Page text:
You may want to consider turning off crash logging in Flash 10.1 beta, if you are experiencing lots of disk activity whenever Flash content is accessed in a web browser the plugin is loaded in.
The first indicator of a bug, or at least a problem, is that you may notice constant disk activity whenever Flash content is accessed in the browser you are using. Watch a Flash video or play a Flash game, and you may notice your hard drive thrashing wildly. You may use the Task Manager or Resource Monitor to verify that Flash is indeed the cause for the activity.
Rafael over at Within Windows confirmed that Flash 10.1 beta is accessing the file NPSWF32.dll constantly while Flash content plays in a web browser.
The constant disk activity is obviously something that should not be happening in this magnitude, and Rafael was able to debug the process to find out that it was caused by the crash logging feature in Flash 10.1 Beta.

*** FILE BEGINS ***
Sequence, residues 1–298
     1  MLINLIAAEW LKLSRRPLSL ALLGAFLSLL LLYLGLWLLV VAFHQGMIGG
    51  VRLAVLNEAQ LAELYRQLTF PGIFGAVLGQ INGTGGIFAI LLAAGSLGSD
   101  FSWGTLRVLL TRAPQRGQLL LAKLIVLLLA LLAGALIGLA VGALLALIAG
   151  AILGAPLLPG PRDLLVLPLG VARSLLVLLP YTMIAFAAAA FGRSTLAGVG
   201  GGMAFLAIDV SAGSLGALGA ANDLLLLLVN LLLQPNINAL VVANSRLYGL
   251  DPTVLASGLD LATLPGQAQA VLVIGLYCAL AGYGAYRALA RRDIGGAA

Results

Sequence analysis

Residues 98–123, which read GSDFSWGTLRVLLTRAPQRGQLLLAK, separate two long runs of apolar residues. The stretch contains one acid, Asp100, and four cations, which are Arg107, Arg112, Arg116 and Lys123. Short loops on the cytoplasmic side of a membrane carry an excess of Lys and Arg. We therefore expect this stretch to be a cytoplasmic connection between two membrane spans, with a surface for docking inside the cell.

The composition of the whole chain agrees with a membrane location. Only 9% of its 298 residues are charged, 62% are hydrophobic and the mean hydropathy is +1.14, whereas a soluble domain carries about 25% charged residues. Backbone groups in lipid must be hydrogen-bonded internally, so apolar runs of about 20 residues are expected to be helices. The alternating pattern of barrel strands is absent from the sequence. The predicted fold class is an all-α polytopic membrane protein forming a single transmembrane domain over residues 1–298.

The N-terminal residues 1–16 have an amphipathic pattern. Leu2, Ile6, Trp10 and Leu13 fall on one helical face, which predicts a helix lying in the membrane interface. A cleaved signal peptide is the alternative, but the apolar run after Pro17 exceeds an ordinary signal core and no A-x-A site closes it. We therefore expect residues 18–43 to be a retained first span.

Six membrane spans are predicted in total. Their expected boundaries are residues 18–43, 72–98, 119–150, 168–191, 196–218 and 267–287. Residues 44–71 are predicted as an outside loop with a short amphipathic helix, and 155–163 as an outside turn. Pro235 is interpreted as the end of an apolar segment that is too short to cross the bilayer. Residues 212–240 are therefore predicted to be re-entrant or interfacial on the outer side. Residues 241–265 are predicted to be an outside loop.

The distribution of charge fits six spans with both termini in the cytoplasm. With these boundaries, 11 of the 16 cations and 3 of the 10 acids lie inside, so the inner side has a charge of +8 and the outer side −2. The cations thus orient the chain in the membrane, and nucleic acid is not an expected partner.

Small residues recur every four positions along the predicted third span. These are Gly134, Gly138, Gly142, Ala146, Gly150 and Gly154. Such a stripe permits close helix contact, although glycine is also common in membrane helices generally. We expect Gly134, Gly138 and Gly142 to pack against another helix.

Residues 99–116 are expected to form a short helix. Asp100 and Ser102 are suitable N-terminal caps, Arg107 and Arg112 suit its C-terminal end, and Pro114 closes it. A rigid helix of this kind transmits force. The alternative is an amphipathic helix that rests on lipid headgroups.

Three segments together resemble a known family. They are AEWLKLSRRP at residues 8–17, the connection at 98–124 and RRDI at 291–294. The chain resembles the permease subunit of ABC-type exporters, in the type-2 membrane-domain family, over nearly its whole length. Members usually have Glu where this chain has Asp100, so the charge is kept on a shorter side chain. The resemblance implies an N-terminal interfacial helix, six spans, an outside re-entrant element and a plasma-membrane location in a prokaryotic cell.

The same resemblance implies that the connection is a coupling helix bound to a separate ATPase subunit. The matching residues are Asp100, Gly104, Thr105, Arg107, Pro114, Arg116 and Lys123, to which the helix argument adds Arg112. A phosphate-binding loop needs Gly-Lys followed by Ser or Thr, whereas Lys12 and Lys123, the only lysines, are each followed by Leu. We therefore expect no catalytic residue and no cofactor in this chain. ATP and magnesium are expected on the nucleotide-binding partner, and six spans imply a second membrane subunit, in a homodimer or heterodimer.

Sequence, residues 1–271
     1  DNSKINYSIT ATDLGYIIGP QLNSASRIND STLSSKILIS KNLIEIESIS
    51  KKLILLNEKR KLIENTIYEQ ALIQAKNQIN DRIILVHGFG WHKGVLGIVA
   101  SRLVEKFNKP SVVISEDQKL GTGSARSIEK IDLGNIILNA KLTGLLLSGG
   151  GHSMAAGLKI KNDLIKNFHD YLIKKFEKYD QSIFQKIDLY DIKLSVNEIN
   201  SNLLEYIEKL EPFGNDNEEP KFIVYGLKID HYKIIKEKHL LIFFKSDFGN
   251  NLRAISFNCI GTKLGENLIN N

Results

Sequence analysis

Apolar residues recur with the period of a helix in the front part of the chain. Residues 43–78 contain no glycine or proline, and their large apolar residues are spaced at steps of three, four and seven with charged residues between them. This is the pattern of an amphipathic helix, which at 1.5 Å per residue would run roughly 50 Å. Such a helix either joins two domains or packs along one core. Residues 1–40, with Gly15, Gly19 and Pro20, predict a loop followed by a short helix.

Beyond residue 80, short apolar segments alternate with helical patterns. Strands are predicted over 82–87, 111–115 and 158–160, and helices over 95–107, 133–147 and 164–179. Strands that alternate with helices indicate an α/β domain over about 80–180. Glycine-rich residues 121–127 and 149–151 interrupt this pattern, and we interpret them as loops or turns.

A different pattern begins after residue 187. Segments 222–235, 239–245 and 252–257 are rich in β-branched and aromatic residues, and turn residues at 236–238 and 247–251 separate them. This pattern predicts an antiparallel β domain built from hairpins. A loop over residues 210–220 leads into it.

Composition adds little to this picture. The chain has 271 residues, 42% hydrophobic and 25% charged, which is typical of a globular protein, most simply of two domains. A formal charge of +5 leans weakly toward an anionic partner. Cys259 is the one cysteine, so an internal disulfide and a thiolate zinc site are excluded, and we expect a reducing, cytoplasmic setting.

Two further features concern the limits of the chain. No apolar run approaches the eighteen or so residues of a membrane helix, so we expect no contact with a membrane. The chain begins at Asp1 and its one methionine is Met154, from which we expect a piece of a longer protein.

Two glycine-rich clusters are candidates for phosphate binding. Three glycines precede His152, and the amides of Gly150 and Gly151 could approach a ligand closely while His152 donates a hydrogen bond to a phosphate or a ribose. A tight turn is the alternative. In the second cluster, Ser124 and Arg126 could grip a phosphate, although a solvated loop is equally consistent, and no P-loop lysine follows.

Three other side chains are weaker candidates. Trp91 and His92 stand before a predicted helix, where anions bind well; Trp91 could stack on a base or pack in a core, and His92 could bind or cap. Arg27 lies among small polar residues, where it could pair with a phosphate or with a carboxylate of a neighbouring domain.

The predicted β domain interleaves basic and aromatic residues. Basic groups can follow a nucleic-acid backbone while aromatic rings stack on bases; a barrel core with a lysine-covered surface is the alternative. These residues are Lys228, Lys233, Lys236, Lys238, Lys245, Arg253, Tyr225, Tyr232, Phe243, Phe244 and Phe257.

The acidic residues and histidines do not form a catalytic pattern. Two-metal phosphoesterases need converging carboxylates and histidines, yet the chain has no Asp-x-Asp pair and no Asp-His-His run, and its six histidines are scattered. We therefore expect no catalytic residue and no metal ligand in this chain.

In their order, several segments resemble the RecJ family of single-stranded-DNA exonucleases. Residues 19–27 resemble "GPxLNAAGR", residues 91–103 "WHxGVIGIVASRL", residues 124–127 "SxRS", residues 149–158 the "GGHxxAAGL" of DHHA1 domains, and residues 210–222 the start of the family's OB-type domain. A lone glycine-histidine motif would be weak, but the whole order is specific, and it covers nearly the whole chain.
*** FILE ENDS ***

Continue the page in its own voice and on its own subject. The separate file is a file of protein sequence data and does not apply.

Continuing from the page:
Crash logging seems to be enabled in all Flash Beta versions by default. Rafael was kind enough to provide a fix for the disk activity problem. Turning off crash logging will stop the disk activity in Flash 10.1, here is how this is done:
To disable this feature simply create a mms.cfg text file in the C:\Windows\System32\Macromed\Flash folder (Syswow64 for 64-bit users) with the line CrashLogEnable=0.
A restart of the web browser or application using Flash is required. The disk activities of Flash 10.1 Beta will be at a normal level after disabling crash logging.
Update: Newer versions of Adobe Flash Player do not have the issue anymore. If you are still experiencing the issue make sure you are running the latest version of the program on your system. You can check the version of Flash Player that is installed in your web browser of choice by visiting this page on the Adobe website.
It displays the version installed on your system, and the latest version available. Just compare the two versions and if they differ, click on the download link on the page to download and install the latest version of Flash on your computer.
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